A key element of the Reggio Emilia–inspired approach practiced in a number of Austin alternative schools and preschools is the documentation of children’s daily experiences. In this three-part guest post, Marie Catrett provides a case study of the thoughtful and detailed documentation that occurs at Tigerlily Preschool.
This past January I reopened my in-home program, Tigerlily Preschool. I was excited to return to teaching and eager to bring something new to my work with children. Based on a mentorship that had begun in July 2011 with master teacher Sydney Gurewitz Clemens, I was certain that one of the new things I wanted to bring to Tigerlily was the practice of using daily documentation to record children’s learning.
When I made the decision to reopen Tigerlily, Sydney’s first question for me was: how do you plan to use documentation in your program? I wanted to pay attention to this particular group of children’s interests, teach with intention, connect families to our journey, and share my work with other folks who might be interested in a playful, creative, and expressive early childhood experience.
After each day of class, our families and Sydney receive an email that contains photos and conversations that reflect what went on in our classroom that day. Parents read “Our Day” with their children each evening, and together they talk about their child’s journey at Tigerlily. “Our Day” also resides in paper form in a notebook at school so that the children and I can refer to it and remember our history.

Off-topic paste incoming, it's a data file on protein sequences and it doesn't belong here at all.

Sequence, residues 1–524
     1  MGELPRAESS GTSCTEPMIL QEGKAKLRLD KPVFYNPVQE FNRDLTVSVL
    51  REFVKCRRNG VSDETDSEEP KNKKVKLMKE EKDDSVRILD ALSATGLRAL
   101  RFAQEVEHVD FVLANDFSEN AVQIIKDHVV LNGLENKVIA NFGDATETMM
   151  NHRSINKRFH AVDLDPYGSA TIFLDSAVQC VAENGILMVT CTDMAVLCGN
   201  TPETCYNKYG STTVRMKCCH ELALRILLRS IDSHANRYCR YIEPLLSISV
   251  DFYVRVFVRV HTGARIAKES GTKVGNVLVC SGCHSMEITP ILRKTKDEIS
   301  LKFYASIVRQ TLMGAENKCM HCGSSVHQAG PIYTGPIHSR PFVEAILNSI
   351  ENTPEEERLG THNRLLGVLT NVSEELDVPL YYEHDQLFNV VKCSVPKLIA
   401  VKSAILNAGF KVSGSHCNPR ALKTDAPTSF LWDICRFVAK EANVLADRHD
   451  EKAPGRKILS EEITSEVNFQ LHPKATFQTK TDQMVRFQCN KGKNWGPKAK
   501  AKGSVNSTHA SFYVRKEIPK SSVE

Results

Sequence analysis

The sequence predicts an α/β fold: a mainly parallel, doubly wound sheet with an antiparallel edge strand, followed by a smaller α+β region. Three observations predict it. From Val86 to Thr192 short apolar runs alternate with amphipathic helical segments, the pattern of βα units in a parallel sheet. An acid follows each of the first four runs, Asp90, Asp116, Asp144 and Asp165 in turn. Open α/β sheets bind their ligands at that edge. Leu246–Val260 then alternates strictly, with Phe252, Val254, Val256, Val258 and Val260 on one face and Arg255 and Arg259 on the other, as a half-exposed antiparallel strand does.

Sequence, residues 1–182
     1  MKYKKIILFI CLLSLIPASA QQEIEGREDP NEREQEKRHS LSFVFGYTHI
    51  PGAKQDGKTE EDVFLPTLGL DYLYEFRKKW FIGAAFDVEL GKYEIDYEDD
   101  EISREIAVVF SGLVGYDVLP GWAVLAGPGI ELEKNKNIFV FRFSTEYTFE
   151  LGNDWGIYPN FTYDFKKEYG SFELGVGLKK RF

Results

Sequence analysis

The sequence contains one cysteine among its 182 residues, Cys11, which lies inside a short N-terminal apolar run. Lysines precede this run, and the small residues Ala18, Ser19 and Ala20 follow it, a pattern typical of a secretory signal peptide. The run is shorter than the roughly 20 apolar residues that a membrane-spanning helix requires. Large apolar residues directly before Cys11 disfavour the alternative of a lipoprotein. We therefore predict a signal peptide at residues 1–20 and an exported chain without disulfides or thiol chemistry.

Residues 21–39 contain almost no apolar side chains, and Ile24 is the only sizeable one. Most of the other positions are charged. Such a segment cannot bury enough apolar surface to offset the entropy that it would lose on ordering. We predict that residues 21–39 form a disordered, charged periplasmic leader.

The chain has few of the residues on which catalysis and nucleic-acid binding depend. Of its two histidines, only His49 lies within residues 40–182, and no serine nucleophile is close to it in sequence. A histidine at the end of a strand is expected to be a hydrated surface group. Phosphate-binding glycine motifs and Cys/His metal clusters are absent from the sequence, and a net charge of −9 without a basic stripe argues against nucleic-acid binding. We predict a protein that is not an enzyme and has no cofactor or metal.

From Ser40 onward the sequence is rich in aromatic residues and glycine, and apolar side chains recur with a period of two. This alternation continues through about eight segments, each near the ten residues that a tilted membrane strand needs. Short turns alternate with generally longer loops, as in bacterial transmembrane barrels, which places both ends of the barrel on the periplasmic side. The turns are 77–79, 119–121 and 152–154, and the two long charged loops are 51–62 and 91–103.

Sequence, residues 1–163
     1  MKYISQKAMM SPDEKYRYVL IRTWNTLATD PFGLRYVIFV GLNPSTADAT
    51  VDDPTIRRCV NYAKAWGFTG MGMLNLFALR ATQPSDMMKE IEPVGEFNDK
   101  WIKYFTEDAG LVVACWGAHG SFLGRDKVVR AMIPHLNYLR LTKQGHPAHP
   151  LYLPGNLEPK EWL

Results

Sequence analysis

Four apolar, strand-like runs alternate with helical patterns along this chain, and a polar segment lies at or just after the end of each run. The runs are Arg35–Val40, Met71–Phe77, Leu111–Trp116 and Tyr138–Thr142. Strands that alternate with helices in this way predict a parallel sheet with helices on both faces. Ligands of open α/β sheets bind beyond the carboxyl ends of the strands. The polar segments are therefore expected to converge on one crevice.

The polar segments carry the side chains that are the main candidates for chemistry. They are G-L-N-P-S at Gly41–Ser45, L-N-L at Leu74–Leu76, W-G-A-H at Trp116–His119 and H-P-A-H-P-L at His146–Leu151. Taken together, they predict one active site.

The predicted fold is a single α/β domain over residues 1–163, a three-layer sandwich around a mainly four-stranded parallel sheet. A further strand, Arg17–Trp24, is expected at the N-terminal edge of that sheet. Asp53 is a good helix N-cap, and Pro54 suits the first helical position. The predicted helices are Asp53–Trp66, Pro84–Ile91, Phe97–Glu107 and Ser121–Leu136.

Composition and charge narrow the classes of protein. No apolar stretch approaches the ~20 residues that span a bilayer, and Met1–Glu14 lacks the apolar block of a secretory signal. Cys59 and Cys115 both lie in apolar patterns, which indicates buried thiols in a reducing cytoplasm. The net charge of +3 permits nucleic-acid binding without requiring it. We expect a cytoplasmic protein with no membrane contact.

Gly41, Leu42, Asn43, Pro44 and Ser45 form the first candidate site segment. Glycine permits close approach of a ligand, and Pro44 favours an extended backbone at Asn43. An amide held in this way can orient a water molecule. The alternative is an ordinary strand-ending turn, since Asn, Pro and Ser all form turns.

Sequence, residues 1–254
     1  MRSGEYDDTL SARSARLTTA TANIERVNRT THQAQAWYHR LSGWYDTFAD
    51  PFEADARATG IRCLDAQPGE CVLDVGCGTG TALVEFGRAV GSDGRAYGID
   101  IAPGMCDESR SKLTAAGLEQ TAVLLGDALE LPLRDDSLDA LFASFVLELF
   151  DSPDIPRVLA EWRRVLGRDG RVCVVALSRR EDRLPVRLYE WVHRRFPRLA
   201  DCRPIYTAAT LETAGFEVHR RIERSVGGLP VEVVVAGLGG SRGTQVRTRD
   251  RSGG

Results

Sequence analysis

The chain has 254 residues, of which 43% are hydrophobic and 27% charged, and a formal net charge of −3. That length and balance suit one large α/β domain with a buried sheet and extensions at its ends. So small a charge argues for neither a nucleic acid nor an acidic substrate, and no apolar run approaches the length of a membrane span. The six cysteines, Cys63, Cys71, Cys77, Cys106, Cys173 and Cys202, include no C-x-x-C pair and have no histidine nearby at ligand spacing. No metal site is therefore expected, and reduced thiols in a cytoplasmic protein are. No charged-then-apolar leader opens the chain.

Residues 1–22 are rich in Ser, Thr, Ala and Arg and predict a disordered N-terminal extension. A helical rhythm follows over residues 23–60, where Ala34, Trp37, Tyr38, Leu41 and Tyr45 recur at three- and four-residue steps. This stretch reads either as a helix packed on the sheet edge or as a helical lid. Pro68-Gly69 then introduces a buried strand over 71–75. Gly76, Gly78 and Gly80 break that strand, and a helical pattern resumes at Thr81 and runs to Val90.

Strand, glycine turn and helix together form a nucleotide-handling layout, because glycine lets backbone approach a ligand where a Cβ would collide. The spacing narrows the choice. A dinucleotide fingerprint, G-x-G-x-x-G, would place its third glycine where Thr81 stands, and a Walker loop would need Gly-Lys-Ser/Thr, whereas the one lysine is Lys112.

Elias is the quiet child in our group, talking most to the grownups in his world. The other kids like to talk to kids. Nayeli’s first words to me at an open house in December were: “Hello. I’m Nayeli. And you’re Marie. This is my new school and all my friends will be here. Oh look, you have animals!” She was not quite three years old. Off she went, creating habitats for tiny toy animals with the blocks, exuding confidence and enthusiasm. Elias was much, much quieter.
A few weeks into our time together, another child, Willa, asked Elias about wanting to play with a yellow toy hammer, a cherished item in our back yard. He replied to her and she came running back to me, remarking on the experience as a special one. “Elias gave me his words.” When Elias speaks, it feels special to me, too.
He is a kid who often prefers to start out watching from the sidelines, engaging in his own quiet play. I watched him, took photos, and tried to understand. Gathering data for documentation helped me to pay attention to the details of his behavior, to see what he was interested in, and to support that interest in our classroom.
Elias spends a long time playing with a particular building block, moving it slowly back and forth in a way I’ve seen him move a Lego piece about. Later in the day I show him that particular block and ask him what it made him think about today.
Elias: Subway train!